Monday, 3 December 2012

Kelvin MacKenzie makes a good point – it's time to ask the rest of Britain to stand on its own two feet

There’s a splendid diatribe from Kelvin MacKenzie in the Telegraph today (here), in which he puts forward a proposal to declare the prosperous, hard-working South-East of England a separate country. Funnily enough, I started writing a post on this very subject last week, but got distracted.

Just as welfare – if too generous and made available for too long – tends to condemn potentially useful members of society to a life of idle, ennervated, truculent dependency by destroying any sense of personal responsibility, so (I’ve long suspected) convincing large swathes of Britain that they have a right to live off the taxes paid by hard-working southerners (while whining about what greedy bastards we all are down here) is morally destructive.

Mackenzie puts the case in a nutshell:
As a standalone entity, the people of Berkshire, Buckinghamshire, Sussex, Hampshire, Kent, Oxfordshire, Surrey and London are 18th in the global GDP league, just ahead of Indonesia and just behind Turkey. 
If you took this region out of the UK economy, it would be called Ethiopia.
(I’m pretty sure he means that what’s left would be called Ethiopia.)

Being an uptight, anal right-winger rather than a cool, laid-back liberal, I tend to get mini-panic attacks when contemplating basket-case cities like Glasgow and regions such as the North-East, whose sole raison d’être appears to be to bleed the productive parts of the country dry. Sky News carried a report yesterday pointing out that certain UK cities haven’t suffered double-dip recession since 2008 – namely London, Brighton, Aberdeen and Sunderland. While the first three avoided economic downturns by carrying on working hard and being clever, Sunderland – inevitably – has avoided recession only because of the industrial quantities of public sector cash that have been been poured into it.

What’s the point of Southerners working their socks off just so the citizens of Sunderland don’t have to figure out how to make their city economically viable without charity and the sort of tax breaks for business that amount to bribery? Why, exactly, are the rest of us supposed to go on feeling guilty about the likes of Liverpool – a city destroyed by the nauseating greed and bovine self-harming stupidity of its own unions and politicians?

Yes, many parts of the country suffered when they (inevitably) lost their massively-subsidised heavy industries in the 1980s. But that was 30 years ago – quite enough time, one would imagine, to realise that sitting around on their arses whining about Mrs Thatcher’s demonic cruelty and demanding ever-greater hand-outs is a recipe for misery.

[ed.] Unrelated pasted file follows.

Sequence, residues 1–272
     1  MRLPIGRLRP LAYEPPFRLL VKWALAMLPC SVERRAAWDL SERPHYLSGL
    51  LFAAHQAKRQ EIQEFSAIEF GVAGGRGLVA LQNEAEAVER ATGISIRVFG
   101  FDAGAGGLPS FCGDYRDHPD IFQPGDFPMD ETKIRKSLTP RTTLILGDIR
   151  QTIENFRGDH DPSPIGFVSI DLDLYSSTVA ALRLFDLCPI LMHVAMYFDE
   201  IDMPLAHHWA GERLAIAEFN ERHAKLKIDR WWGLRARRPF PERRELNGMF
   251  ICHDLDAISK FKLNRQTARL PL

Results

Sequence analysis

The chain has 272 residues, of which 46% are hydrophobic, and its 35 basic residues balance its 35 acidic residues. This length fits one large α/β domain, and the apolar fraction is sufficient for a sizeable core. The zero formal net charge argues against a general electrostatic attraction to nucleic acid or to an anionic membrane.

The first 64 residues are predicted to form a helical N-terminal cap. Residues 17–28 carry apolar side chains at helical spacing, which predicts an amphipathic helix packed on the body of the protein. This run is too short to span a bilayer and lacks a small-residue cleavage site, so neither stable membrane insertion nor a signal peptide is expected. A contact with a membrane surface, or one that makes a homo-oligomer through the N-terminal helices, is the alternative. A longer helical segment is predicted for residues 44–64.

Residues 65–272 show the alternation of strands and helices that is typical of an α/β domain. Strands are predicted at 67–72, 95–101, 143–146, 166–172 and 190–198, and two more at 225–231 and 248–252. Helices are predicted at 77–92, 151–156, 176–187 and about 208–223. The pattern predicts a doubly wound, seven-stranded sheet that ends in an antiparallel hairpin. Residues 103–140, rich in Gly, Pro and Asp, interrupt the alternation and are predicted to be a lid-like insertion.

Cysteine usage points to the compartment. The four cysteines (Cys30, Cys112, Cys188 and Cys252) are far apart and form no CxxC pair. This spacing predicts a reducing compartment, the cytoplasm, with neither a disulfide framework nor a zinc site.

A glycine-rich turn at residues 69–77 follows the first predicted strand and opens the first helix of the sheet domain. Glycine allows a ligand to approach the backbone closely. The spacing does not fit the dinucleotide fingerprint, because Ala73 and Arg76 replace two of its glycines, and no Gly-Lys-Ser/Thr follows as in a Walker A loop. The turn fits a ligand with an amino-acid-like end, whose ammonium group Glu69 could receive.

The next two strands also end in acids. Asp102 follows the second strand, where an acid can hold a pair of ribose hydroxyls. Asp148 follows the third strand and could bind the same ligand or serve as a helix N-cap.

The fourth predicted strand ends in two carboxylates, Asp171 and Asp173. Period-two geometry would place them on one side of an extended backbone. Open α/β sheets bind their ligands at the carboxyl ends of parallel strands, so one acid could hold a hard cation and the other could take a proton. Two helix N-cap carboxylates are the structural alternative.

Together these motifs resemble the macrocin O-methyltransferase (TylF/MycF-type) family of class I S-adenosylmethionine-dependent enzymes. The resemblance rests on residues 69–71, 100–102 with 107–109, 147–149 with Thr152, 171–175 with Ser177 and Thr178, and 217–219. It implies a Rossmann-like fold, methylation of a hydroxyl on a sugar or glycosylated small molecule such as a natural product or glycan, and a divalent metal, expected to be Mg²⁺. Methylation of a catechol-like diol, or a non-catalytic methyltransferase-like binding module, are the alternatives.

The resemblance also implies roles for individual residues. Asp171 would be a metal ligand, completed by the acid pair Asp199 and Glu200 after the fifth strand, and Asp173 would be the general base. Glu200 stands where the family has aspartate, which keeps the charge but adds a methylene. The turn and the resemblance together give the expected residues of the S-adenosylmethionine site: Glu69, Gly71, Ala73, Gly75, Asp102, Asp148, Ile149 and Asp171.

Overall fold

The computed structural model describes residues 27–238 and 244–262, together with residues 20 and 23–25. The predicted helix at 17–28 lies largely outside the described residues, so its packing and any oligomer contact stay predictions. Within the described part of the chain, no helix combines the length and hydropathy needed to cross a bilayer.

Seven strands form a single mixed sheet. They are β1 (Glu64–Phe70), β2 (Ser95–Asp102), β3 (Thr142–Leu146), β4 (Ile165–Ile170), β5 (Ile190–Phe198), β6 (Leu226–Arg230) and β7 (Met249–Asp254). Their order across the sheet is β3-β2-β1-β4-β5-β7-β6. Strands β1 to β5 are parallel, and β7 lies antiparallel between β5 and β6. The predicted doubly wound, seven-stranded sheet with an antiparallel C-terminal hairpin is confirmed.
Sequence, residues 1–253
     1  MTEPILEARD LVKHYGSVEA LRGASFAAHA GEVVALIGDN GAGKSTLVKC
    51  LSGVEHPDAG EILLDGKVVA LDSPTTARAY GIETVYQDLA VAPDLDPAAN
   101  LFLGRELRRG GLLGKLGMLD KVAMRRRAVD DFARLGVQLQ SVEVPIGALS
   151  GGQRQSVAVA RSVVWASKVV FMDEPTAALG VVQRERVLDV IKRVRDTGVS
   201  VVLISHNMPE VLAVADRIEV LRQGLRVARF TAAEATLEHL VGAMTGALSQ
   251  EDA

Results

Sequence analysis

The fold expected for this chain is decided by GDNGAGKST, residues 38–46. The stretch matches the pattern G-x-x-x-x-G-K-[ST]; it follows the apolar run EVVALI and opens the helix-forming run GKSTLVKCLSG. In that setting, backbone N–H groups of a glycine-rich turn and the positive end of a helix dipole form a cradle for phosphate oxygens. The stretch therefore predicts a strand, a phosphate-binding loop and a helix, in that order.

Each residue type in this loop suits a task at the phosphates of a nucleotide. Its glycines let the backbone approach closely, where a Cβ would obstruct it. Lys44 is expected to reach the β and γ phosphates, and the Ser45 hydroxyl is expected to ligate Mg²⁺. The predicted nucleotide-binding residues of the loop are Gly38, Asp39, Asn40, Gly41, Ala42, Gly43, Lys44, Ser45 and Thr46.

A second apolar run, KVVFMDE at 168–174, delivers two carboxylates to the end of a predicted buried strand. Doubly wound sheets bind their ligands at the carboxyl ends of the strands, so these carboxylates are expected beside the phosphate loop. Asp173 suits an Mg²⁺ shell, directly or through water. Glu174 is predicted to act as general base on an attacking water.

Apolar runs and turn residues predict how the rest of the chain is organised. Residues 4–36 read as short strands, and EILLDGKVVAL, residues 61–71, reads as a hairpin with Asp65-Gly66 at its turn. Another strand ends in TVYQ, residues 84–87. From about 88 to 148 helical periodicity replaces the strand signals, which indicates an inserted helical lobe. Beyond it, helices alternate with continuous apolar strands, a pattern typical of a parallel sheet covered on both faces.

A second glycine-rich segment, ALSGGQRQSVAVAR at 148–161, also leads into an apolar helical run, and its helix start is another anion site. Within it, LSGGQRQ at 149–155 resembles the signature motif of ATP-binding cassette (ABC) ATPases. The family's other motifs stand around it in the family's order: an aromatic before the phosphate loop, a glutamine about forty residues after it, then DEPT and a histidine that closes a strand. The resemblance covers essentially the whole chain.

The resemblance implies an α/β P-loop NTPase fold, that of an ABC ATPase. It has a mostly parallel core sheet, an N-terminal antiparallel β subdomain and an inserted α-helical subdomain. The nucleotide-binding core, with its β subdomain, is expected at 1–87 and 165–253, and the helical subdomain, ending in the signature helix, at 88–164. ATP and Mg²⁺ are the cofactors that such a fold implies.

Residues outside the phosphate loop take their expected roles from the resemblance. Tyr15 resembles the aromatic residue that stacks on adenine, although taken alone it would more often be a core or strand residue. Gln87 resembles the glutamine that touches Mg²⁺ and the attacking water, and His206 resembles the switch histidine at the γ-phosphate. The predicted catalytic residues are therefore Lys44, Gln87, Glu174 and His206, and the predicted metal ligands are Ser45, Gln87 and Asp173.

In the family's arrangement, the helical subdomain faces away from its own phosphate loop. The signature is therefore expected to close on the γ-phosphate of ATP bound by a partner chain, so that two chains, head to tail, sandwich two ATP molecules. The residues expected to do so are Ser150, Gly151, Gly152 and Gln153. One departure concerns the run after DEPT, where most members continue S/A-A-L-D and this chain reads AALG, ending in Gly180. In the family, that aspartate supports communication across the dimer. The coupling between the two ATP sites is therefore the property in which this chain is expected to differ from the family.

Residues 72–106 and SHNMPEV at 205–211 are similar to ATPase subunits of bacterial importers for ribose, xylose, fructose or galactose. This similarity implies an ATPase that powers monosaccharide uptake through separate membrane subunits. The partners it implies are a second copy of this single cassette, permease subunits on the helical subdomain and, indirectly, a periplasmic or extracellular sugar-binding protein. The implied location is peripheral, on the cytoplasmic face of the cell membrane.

MacKenzie sums it up with characteristic pithiness:
Why don’t they live within their means, or move down here and see what it’s like to be taxed until they weep? Frankly, we can no longer keep subsiding other people’s spending habits.
According certain races, regions and countries permanent victim status is one of the most ruinous habits of our age. I’ve written about the deleterious effects of having to spend so much time worrying about why blacks don’t do better in predominantly white societies - or in predominantly black societies, to be honest (read it here). There has to come a time when we decide that this endless angsting about race is counter-productive for the very group we’re all so determined to "help". Similarly, there has to come a time when we realise that constantly pouring South-Eastern taxes into Britain’s permanently under-performing regions and nations is simply putting off the time when those regions and nations have to figure out for themselves how to become economically viable. And there has to come a point when we stop feeling guilty about failed states like Somalia, Ethiopia and Afghanistan, pull up the drawbridge, and tell them to bloody well sort it out for themselves.

In “Binsey Polars”, a wonderful Hopkins poem in which he laments the deliberate destruction of a stand of “…aspens dear, whose airy cages quelled/Quelled or quenched in leaves the leaping sun…”, he makes the point that often, when human beings seek to “improve” Nature, they destroy it: “…even where we mean/ To mend her we end her…” I have a horrible suspicious that the same is true of most of our well-intentioned attempts to “mend” people, regions and countries. Sometimes, it’s better to admit we can't force success on others, stop interfering, and leave them to try to figure it out for themselves.

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